Thursday, 27 August 2009
Tuesday, 25 August 2009
Monday, 24 August 2009
Here is the full text of Mr Megrahi's statement, taken from the BBC News website:
I am obviously very relieved to be leaving my prison cell at last and returning to Libya, my homeland.
I would like to first of all take the opportunity to extend my gratitude to the many people of Scotland, and elsewhere, who have sent me their good wishes.
I bear no ill will to the people of Scotland; indeed, it is one of my regrets that I have been unable to experience any meaningful aspect of Scottish life, or to see your country.
To the staff in HM Prison Greenock, and before that at HM Prison Barlinnie, I wish to express thanks for the kindness that they were able to show me.
For those who assisted in my medical and nursing care; who tried to make my time here as comfortable as possible, I am of course grateful.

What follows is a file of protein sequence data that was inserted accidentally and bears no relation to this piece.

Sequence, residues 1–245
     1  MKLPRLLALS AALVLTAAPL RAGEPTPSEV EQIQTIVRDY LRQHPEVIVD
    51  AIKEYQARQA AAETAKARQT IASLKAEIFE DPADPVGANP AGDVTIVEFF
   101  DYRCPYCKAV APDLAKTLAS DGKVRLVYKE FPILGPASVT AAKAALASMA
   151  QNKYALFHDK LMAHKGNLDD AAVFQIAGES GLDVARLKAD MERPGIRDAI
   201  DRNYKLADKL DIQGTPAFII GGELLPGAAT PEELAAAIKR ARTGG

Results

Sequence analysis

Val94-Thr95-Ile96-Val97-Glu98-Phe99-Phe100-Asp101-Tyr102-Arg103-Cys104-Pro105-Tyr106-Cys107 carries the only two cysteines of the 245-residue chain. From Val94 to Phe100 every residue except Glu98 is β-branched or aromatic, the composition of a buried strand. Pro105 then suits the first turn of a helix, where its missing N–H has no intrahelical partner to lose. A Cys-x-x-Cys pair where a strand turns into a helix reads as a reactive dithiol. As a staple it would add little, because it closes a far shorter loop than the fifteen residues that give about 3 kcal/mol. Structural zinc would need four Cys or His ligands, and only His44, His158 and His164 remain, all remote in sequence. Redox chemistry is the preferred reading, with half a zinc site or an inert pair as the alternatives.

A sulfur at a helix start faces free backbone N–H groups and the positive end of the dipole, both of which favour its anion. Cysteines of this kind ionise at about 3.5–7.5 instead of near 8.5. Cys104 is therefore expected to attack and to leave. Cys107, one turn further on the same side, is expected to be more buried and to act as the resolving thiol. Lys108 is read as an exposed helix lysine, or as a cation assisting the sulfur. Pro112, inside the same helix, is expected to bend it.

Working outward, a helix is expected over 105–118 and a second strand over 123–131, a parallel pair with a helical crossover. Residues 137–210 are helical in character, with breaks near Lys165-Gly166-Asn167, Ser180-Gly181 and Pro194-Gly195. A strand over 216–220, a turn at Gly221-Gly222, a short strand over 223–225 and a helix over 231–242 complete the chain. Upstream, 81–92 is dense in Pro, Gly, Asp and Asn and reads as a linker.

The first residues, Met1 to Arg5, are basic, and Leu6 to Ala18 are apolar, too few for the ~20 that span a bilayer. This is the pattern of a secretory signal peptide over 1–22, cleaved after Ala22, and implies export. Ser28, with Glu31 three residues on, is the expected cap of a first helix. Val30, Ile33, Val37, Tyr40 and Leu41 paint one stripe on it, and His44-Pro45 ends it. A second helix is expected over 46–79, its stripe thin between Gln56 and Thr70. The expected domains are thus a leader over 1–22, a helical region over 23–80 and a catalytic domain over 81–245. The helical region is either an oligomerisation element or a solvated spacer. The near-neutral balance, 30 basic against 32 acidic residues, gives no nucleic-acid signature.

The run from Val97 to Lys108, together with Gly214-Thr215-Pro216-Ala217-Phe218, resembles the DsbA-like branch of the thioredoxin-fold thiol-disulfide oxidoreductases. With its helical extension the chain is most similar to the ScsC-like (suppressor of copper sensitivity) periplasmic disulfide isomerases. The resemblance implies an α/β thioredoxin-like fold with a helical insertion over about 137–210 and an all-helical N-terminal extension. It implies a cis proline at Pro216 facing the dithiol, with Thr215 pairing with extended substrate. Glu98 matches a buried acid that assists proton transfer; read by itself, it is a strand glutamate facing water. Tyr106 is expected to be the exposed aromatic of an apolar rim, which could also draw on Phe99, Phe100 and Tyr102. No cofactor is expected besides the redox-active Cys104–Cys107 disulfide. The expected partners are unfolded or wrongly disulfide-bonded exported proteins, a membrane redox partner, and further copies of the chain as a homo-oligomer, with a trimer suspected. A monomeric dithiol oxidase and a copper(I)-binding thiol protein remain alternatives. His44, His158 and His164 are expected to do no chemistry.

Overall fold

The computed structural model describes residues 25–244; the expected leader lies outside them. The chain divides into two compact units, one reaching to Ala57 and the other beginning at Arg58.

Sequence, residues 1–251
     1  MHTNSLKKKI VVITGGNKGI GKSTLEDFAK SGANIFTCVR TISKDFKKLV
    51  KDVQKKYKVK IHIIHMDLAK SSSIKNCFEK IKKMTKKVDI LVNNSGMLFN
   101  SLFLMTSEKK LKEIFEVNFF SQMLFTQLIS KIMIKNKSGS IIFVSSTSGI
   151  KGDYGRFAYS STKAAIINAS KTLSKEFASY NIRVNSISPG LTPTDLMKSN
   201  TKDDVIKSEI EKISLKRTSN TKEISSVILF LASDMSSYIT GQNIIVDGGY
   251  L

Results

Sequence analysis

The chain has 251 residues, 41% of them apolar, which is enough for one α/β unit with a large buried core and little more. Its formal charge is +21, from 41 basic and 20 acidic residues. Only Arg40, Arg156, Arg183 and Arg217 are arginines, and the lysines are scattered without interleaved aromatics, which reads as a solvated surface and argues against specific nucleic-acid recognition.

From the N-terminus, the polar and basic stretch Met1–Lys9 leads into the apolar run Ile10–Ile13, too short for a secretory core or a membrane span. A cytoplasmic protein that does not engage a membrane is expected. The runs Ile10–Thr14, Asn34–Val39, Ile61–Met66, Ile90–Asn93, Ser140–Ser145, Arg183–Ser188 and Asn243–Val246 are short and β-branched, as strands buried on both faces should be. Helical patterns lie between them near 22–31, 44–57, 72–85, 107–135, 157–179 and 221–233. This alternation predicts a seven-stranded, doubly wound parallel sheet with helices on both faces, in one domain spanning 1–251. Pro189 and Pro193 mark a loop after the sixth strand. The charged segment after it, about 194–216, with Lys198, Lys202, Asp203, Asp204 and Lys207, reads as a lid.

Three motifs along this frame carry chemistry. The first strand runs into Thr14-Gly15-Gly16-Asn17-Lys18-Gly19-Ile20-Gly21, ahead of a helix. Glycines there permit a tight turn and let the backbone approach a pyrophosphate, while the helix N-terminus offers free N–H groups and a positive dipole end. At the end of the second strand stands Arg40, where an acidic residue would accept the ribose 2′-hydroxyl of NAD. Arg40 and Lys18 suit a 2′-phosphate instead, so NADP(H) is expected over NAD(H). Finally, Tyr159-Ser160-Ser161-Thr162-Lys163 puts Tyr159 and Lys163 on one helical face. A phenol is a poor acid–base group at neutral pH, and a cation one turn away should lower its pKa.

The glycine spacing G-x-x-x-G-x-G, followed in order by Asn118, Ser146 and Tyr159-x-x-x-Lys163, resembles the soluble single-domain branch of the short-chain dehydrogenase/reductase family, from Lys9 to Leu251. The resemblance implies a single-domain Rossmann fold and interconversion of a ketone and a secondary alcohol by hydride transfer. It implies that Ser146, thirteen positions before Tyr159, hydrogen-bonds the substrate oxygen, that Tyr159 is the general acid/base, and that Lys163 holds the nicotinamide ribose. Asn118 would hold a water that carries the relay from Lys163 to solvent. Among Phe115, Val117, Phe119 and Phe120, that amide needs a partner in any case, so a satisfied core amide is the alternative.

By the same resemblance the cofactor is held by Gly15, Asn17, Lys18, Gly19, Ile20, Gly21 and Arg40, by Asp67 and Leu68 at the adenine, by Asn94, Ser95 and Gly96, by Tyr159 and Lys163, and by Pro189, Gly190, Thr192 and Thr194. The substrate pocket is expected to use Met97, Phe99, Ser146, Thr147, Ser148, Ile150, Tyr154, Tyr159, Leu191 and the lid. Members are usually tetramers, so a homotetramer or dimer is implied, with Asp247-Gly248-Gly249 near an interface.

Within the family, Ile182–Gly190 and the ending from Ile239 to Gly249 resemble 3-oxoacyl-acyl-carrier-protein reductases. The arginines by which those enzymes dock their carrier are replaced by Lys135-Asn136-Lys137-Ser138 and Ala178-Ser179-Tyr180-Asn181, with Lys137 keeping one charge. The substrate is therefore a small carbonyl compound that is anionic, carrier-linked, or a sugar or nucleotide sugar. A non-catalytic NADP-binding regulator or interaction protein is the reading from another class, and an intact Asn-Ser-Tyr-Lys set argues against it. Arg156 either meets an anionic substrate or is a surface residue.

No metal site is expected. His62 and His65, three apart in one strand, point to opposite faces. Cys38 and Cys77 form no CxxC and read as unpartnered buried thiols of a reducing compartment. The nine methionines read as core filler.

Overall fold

My legal team has worked tirelessly on my behalf; I wish to thank Advocates Margaret Scott QC, Jamie Gilchrist QC, Shelagh McCall and Martin Richardson together with the team at Taylor & Kelly, for all of their gallant efforts in my bid to clear my name.
I know they share, in no small measure, my disappointment about the abandonment of my appeal.
Many people, including the relatives of those who died in, and over, Lockerbie, are, I know, upset that my appeal has come to an end; that nothing more can be done about the circumstances surrounding the Lockerbie bombing.